It's time for the Indiana Pacers to re-evaluate their relationship with two-time All-Star Victor Oladipo, who is entering the final year on his contract at $21 million. Even if he wanted to commit to a long-term stay in Indiana, an extension is unlikely before free agency in 2021.
That's because the most the Pacers can offer is a 20 percent raise starting at $25.2 million, well short of a maximum salary (currently $32.7 million and likely to be higher in 2021).
"I bet they trade him," one former Eastern Conference executive said, looking ahead to the upcoming offseason.
Oladipo may have his eyes on a potential payday via free agency. He may have every intention of re-signing with Indiana, but the team runs the risk of losing him for nothing once his contract runs out.
The 28-year-old guard hasn't been the same since the January 2019 quadriceps tear that knocked him out for a full year. The team has been busy since, adding Malcolm Brogdon on a four-year, $85 million contract (via sign-and-trade with the Milwaukee Bucks). The Pacers also stole TJ Warren in a trade with the Phoenix Suns and locked in Domantas Sabonis on a four-year, $74.9 million extension that begins with the 2020-21 season.
Given more time, Oladipo may get back to being the player who averaged 23.1 points per game while leading the league with 2.4 steals during the 2017-18 season. But can Indiana even afford to keep him?
The Pacers are a small-market team with an owner (Herb Simon) who won't accept tanking and isn't willing to spend into the luxury tax. If Oladipo commands a maximum salary, Indiana could have nearly $128 million invested in nine players, with about $116 million of that going to just Myles Turner, Jeremy Lamb, Sabonis, Brogdon, Warren and Oladipo.
The NBA's uncertain economy is a complicating factor as the league tries to work through the COVID-19 pandemic. Thus far, the Orlando bubble has been a resounding success, but if next year is played without fans in attendance, the league's basketball-related income will take a significant hit.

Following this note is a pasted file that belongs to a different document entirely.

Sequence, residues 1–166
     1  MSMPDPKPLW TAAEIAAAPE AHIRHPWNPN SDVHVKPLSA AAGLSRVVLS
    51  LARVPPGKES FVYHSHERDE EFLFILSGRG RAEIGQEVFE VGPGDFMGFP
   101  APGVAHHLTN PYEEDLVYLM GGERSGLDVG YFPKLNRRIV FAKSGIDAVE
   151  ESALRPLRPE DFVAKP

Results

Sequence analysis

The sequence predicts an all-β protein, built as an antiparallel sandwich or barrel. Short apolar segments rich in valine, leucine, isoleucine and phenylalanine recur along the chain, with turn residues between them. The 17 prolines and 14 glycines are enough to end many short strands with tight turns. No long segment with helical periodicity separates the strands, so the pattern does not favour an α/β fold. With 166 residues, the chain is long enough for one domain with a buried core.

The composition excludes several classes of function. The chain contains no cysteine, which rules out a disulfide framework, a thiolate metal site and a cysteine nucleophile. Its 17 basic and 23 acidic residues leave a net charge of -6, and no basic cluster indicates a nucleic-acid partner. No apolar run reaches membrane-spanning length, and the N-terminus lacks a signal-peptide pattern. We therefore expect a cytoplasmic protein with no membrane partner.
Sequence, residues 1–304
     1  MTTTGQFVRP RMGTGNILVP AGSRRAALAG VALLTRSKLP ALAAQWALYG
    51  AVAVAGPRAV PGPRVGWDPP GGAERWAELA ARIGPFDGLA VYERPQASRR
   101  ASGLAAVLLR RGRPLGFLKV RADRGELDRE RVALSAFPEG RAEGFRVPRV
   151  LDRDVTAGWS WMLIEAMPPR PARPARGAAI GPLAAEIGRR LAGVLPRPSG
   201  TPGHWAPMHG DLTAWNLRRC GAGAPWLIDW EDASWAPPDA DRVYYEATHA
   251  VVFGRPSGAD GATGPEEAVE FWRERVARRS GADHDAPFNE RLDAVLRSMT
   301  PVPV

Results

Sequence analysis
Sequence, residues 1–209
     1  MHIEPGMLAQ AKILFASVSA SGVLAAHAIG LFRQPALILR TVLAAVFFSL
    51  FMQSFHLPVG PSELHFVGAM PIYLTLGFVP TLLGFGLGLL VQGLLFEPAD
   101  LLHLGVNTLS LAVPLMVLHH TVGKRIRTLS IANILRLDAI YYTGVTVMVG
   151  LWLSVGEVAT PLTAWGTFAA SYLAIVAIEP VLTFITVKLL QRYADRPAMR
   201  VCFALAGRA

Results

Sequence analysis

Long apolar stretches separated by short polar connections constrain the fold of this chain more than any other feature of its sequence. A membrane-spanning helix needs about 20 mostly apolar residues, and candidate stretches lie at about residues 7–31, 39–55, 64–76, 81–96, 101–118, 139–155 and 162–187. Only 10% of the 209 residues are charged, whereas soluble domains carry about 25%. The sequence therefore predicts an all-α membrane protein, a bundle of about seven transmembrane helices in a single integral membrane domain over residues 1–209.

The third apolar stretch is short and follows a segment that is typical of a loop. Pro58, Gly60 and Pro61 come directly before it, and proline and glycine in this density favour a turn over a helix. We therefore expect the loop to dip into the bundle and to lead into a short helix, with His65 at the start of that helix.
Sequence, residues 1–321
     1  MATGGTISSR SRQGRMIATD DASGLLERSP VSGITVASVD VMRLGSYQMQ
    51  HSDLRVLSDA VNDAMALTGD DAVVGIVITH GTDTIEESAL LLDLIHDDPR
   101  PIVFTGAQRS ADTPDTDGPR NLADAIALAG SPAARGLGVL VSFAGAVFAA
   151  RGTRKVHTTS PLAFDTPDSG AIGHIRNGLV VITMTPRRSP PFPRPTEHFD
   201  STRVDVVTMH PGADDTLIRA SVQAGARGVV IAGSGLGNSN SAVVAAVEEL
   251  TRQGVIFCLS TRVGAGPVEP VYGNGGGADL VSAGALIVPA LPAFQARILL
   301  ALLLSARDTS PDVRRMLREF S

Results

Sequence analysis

If the cap can climb to $115 million with a luxury-tax threshold of about $139 million for the 2021 season, the Pacers might pay Oladipo. If so, they could be limited to signing minimum-salaried players to avoid the tax. And If the cap stays flat at $109.1 million (with a $132.6 million tax line) for the next couple of years, the Pacers might need to find a way to reduce payroll outright.
The answer could be trading a different player to keep Oladipo.
Several executives around the league still believe the Pacers eventually break up their big-man duo of Sabonis and Turner. But at least through the February trade deadline, Indiana had no interest in doing so. Looking ahead to 2021-22, Sabonis and Turner will earn a combined $36.5 million. That's two productive contributors, including one All-Star, at the same price as a single max player.
It's not the Pacers' way to trade high-value/relatively low-dollar contracts to overpay a player who still has yet to prove he's the same after a significant injury. Other teams may be better suited to take that financial risk.
"I don't think I would touch him," a Western Conference executive said. "He doesn't look healthy."
That's a fine point. Oladipo averaged just 14.5 points per game this season but also 22.3 over his three final playoff performances against Miami. Some teams will look at his diminished performance and move on; others will recognize that he initially intended to sit out the bubble entirely to continue his rehab. Faced with losing his salary by not playing, Oladipo chose to use the bubble as an opportunity to get his game back.
Several teams have shown they're willing to make that kind of leap, investing in a player dealing with an injury. The Los Angeles Clippers traded for Paul George, who they knew wouldn't start the season on time after two offseason shoulder surgeries. Kevin Durant got a massive deal from the Brooklyn Nets coming off an Achilles tear, skipping the 2019-20 season entirely.
The Pacers are not a top-tier free-agent destination, and with their financial restrictions, they need to be both proactive and conservative. Oladipo already has a significant say on where he goes next. Like Kawhi Leonard and Anthony Davis before him, he's at that sweet spot in his contract where he can try to direct Indiana to send him to his preferred destination.